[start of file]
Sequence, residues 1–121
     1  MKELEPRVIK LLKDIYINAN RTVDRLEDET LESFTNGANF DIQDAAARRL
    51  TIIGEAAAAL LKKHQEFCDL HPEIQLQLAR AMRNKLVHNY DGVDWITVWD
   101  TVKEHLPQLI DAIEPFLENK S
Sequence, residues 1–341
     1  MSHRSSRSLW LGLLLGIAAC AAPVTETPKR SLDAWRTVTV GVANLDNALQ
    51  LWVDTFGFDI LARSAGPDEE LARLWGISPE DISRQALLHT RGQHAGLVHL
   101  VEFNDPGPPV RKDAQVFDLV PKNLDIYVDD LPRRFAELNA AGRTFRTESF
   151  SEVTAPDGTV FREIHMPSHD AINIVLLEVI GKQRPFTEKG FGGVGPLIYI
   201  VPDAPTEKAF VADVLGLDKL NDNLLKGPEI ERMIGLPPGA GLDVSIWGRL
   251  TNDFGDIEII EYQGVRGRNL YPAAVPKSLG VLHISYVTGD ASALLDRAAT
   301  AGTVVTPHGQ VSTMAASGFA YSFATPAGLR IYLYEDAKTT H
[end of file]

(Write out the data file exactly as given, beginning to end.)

Sequence, residues 1–121
     1  MKELEPRVIK LLKDIYINAN RTVDRLEDET LESFTNGANF DIQDAAARRL
    51  TIIGEAAAAL LKKHQEFCDL HPEIQLQLAR AMRNKLVHNY DGVDWITVWD
   101  TVKEHLPQLI DAIEPFLENK S
Sequence, residues 1–341
     1  MSHRSSRSLW LGLLLGIAAC AAPVTETPKR SLDAWRTVTV GVANLDNALQ
    51  LWVDTFGFDI LARSAGPDEE LARLWGISPE DISRQALLHT RGQHAGLVHL
   101  VEFNDPGPPV RKDAQVFDLV PKNLDIYVDD LPRRFAELNA AGRTFRTESF
   151  SEVTAPDGTV FREIHMPSHD AINIVLLEVI GKQRPFTEKG FGGVGPLIYI
   201  VPDAPTEKAF VADVLGLDKL NDNLLKGPEI ERMIGLPPGA GLDVSIWGRL
   251  TNDFGDIEII EYQGVRGRNL YPAAVPKSLG VLHISYVTGD ASALLDRAAT
   301  AGTVVTPHGQ VSTMAASGFA YSFATPAGLR IYLYEDAKTT H